Length: 103-113 miles
Craft: kayak, packraft, raft
Gauge: Babine River at Outlet of Nilkitkwa Lake
Map: click here
The Babine is one of the more well-known multi-day trips in northern British Columbia, and rightly so. It’s a 100-mile whitewater-filled wilderness trip with easy logistics and no permits on par with some of the most popular river trips in Idaho, with one difference: you’re unlikely to see another human the entire time. The Babine is full of classic class III+ and IV whitewater through stunning canyons. Once you join the Skeena, the character changes to huge volume class III on a much bigger river. Oh, and you will encounter grizzlies, probably at the aptly named Grizzly Drop.
This is a five-star river trip.
Access and Shuttle
Access for the Babine is straightforward. The river starts at Nilkwitka Lake (downstream from Babine Lake). There is a boat ramp at the put-in next to the Babine fish fence. There are a few options for taking out. The most commonly used one is in Kispiox near the totem poles in town. You can also shorten the shuttle a little bit by continuing the float down to Hazelton. There’s a boat ramp in Hazelton, or it’s easy to hop out at ‘Ksan Campground. The float from Kispiox to Hazelton is a mix of flatwater and glacial class II with stunning views of the Rocher de Boule range. You could conceivably shorten the trip by taking out near the Babine – Skeena confluence, but it adds a lot to the shuttle and takes away some of the best whitewater and most scenic floating and camping.
Google Maps recommends taking the Suskwa Forest Service Road. Do not try this route unless you have up-to-date information. At the time of writing, this route is not passable and shuttle involves driving around through Smithers.
It’s best to use a radio on forest roads in British Columbia, but the Nilkwitka FSR is wide enough that if you drive cautiously you should be fine. If you see other cars in a pullout waiting, stop behind them: it means large industrial traffic is coming.
Permitting and Rules
There are no permits for this river, but the majority of the trip travels through the Babine River Corridor Provincial Park. The park has guidelines specifically for kayaking on their landing page that you should review (and they may change in the future). The important highlights are:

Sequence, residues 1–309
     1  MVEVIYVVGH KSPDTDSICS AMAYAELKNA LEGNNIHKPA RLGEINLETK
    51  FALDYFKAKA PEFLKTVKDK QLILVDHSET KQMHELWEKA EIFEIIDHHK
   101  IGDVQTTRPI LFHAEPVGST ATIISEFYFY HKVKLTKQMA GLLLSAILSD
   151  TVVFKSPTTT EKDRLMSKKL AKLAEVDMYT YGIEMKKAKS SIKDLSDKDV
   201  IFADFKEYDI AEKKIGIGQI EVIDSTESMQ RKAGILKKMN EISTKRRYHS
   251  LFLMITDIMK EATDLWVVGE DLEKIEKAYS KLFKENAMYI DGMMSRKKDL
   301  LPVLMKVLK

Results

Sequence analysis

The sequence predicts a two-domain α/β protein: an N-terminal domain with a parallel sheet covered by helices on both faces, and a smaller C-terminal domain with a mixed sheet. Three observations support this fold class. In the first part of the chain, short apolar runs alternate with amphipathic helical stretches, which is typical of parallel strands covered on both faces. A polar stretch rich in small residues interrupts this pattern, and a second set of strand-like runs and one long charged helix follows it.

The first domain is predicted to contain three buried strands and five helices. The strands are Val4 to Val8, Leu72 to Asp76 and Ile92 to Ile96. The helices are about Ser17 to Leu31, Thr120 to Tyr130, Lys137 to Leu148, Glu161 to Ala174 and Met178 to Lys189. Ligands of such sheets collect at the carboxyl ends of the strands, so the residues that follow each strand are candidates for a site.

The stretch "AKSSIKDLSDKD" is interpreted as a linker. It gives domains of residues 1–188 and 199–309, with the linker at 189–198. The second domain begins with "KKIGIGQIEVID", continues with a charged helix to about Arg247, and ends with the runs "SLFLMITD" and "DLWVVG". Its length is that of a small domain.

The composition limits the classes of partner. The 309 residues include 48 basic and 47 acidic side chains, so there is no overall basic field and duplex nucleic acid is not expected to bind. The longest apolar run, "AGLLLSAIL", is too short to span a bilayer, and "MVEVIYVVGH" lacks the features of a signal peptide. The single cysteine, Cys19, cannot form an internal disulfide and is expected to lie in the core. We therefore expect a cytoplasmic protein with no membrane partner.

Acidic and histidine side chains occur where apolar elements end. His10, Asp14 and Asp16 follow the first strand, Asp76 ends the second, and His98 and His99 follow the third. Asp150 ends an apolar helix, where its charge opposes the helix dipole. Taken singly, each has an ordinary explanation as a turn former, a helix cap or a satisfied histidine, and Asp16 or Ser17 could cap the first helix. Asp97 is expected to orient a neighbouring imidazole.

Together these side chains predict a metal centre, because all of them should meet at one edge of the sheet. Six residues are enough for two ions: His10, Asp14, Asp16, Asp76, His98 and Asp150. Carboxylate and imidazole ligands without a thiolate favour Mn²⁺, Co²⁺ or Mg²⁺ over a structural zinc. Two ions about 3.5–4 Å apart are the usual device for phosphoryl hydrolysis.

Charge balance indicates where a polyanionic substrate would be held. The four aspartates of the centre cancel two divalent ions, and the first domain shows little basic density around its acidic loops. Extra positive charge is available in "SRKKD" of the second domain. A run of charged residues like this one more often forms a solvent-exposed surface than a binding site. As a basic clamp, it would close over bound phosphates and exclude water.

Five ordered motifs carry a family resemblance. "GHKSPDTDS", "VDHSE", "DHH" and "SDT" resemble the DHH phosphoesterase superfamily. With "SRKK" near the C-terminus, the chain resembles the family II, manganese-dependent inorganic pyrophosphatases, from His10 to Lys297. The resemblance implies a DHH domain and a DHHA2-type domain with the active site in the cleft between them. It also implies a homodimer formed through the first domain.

- Pack out your poop
- Use a fire pan
- Practice bear safety, bring bear spray, and report any conflicts. As the Park puts it, “The chance of a dangerous bear encounter at this park is very high. Serious injury or death from a mauling is a possibility.”
- Don’t paddle the river if you don’t have the skills
On the Water
The first 35 miles are predominantly class II, but they’re very scenic: you’ll see hundreds of eagles, bears and other wildlife, and if you’re there at the right time of year, countless salmon swimming up the river. The glacial tributary Shelyagote Creek comes in about 30 miles in on river right, adding a significant amount of volume; this confluence is a common first night camp.
There are a number of camps in the section from Shelyagote Creek to Thomlinson Creek, but camping starts to get sparse below there.
The whitewater starts to pick up after Thomlinson Creek with wide open boulder gardens that build up to class III+ and eventually the river starts to narrow into a canyon. The rapids become more powerful and more continuous and most of the rest of the whitewater from this point comes in bedrock constrictions and has a big water feel even at lower flows. There’s a beautiful small camp on river left in the deepest part of the canyon about two-thirds of the way from Thomlinson Creek to Grizzly Drop. There are three or four good tent sites.
Grizzly Drop is obvious: there’s a small creek (the Shenismike) coming in on river right and it’s very much a pool-drop ledge. Scout and portage on river left, but be aware that this rapid is so named for a reason. Make noise when you stop to scout, carry bear spray while scouting, and so on. There are roughly 100 grizzlies that use this area seasonally: you will encounter them.
Below Grizzly Drop, the river continues as continuous class III+ through Sphincter 2, another class IV (or harder, depending on level) rapid with an easy portage on river right. After Kisgegas Canyon, a narrow bedrock section with evidence of old bridges overhead, the whitewater eases until after the Skeena confluence.
The Skeena from the Babine confluence to Kispiox is mostly fast-moving class I, but has two long canyon sections riddled with huge volume class III rapids. In a hardshell with a solid roll, there’s not too much to these: you might get flipped by a crashing wave or a large whirlpool, but the consequences are low. In packrafts or without a roll, this section is quite challenging. The first of the two canyons has more rapids, but is pool-drop; the second is more continuous and a swim could be long and unpleasant.
There is lots of beautiful camping on this section of the Skeena.
It’s recommended that you take at least four days for this trip. Three felt rushed (and is the reason this write-up doesn’t have more photos).
The whitewater guidebook for the region recommends flows between 0.2m and 0.7m on the Babine gauge. The BC Whitewater description was written specifically with skilled kayakers in mind and recommends a higher flow range — 0.5m – 1.9m. Our group paddled it at 0.4m in packrafts and found it to be more than enough water, still offering a big water feel in the canyons on the Babine. It could be done substantially lower even in hardshells and the whitewater would still be a blast. The guidebook’s 0.2m minimum is probably a good guideline.